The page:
On February 4th, Jenny stood in the House to give a speech on Pharmacare:
"Mr. Speaker, Canada is the only country in the world with a universal health care system that does not provide universal prescription drug coverage outside of hospitals. People in Canada pay among the highest prices in the world for prescription drugs due to our patchwork of 100 public and over 100,000 private drug plans. As a result, we lack purchasing power and many Canadians do not get access to drug coverage. The Liberals have promised universal pharmacare for Canadians decade after decade, and there is still no universal pharmacare.
The NDP tabled the Canada pharmacare act in February 2020. Immediately following the last election, the NDP began working to draft a legislative framework to enable the implementation of a universal, comprehensive and public pharmacare program. It is based on the recommendations of the Hoskins Advisory Council on the Implementation of National Pharmacare, and modelled on the Canada Health Act. The proposed Canada pharmacare act specifies the conditions and criteria that the provincial and territorial prescription drug insurance programs must meet to receive federal funding. This includes the core principles of public administration, comprehensiveness, universality, portability and accessibility. Universal public drug coverage has been recommended by commissions, committees and advisory councils dating as far back as the 1940s.
People across Canada are making impossible choices every day because they cannot afford their prescription medications. Millions of Canadians have inadequate prescription coverage or no coverage at all. Sixteen per cent of people in Canada have gone without medication for heart disease, cholesterol or hypertension because of the cost. Over the past year alone, one in four Canadians was forced to avoid filling or renewing a prescription drug due to its cost, or to take measures to extend a prescription because they could not afford to keep the recommended dosage schedule.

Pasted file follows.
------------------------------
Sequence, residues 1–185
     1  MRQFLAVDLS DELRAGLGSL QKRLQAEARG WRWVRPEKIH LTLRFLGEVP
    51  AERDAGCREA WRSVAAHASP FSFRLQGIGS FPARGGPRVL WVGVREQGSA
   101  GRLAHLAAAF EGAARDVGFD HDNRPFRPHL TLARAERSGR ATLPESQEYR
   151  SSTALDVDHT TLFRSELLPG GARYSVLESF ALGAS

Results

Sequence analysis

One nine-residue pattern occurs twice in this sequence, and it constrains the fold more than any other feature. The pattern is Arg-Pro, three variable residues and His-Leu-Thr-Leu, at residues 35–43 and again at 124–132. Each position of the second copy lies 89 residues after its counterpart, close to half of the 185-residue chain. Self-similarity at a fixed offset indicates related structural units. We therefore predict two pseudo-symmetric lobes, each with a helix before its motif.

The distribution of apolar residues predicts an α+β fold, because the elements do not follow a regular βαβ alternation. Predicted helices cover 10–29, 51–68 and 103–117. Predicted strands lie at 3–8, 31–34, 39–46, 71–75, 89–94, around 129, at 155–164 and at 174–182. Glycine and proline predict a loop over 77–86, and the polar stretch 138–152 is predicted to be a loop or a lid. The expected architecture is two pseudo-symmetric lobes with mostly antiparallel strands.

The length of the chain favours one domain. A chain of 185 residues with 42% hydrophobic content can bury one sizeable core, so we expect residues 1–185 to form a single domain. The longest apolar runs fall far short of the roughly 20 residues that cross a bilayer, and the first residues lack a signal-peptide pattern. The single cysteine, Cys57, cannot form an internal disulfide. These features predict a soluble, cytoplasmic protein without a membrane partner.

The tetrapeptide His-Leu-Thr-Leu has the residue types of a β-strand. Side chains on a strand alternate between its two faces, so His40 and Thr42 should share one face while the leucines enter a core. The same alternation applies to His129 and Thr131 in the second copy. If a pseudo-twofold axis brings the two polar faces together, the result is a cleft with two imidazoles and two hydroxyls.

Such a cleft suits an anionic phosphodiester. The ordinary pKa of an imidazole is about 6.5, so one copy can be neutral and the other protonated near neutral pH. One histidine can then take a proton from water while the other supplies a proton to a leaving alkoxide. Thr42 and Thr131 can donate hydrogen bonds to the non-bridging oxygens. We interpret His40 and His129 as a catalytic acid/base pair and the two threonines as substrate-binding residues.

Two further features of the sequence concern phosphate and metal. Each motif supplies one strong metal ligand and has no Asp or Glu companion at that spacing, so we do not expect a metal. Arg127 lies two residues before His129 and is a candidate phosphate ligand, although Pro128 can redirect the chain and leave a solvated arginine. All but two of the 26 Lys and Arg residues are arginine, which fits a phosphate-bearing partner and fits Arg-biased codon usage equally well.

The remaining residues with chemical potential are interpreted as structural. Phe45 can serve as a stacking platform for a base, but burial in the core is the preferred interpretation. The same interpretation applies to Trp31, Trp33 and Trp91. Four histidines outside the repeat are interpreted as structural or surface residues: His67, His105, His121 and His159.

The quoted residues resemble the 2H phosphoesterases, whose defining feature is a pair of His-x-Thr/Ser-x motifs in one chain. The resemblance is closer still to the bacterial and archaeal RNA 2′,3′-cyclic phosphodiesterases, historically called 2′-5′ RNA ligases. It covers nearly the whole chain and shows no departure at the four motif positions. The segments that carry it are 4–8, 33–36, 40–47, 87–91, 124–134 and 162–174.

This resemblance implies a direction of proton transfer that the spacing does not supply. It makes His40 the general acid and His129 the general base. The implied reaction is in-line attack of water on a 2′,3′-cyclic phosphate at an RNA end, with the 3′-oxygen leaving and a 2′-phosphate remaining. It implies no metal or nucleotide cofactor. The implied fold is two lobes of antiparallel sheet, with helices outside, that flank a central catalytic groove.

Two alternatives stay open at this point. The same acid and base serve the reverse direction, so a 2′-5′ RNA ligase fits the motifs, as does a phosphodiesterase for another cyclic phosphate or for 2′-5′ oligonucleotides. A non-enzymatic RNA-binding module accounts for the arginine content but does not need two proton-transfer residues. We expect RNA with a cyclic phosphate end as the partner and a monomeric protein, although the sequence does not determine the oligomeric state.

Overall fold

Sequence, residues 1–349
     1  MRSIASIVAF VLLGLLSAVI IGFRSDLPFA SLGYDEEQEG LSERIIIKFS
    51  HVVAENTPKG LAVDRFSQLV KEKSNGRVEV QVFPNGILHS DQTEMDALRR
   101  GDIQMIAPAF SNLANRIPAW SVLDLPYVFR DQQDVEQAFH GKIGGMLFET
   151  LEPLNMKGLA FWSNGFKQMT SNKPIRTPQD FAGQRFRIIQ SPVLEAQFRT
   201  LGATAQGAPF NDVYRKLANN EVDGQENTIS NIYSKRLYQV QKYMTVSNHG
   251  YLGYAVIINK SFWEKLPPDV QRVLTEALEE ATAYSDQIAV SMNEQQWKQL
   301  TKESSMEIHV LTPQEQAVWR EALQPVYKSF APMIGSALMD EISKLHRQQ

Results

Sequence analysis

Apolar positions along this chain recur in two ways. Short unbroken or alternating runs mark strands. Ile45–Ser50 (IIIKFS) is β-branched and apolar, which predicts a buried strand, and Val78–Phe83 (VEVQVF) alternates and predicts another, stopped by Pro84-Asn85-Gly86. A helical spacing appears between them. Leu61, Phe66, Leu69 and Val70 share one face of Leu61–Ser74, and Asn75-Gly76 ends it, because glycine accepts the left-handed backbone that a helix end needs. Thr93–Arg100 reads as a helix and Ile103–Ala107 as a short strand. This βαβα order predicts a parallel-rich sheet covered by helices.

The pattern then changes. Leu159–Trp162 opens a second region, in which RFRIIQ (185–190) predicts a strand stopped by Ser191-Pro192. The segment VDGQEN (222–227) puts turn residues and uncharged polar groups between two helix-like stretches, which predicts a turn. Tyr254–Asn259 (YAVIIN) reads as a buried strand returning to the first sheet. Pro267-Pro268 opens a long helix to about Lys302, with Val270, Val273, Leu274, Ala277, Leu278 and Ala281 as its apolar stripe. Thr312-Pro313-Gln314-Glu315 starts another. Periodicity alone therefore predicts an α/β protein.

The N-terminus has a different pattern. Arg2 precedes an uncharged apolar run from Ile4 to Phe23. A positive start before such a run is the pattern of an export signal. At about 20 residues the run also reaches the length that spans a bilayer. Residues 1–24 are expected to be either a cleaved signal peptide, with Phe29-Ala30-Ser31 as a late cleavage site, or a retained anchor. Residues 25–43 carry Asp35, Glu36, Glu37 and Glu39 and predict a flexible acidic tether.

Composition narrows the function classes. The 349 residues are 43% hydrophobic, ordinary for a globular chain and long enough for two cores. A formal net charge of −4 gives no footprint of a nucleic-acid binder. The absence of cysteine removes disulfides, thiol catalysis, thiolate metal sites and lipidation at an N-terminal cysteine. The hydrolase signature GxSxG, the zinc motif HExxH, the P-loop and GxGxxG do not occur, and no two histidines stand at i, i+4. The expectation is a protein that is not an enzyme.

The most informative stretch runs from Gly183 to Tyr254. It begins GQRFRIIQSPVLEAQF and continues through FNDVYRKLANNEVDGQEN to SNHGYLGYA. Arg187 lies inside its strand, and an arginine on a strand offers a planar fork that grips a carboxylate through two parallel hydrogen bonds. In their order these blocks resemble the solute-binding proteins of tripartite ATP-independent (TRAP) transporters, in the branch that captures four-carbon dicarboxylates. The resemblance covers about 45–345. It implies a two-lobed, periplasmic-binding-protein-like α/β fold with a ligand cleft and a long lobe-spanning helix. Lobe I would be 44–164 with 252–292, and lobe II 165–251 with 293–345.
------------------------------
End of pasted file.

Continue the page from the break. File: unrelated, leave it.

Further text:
Even those with private coverage are seeing their employer-sponsored benefits shrink, a trend that has accelerated due to the economic impacts of COVID-19. In fact, Canadians are twice as likely to have lost prescription drug coverage as to have gained it over the past year. The amount of prescription drugs spending paid out of pocket in Canada in 2016 was $7.4 billion. Universal public pharmacare would extend prescription drug coverage to every single Canadian while saving us billions of dollars every year. The final report of the Hoskins advisory council found that once fully implemented, universal public pharmacare would reduce annual system-wide spending on prescription drugs by $5 billion. Businesses and employees would see a benefit to the tune of $16.6 billion annually for businesses, and families would see their out-of-pocket drug costs reduced by $6.4 billion per year, collectively.
I ask the members to support this bill. Over 13,000 academic experts in the health care and public policy community support this. It is time for us to act. It is time to put the needs of Canadians ahead of big pharma."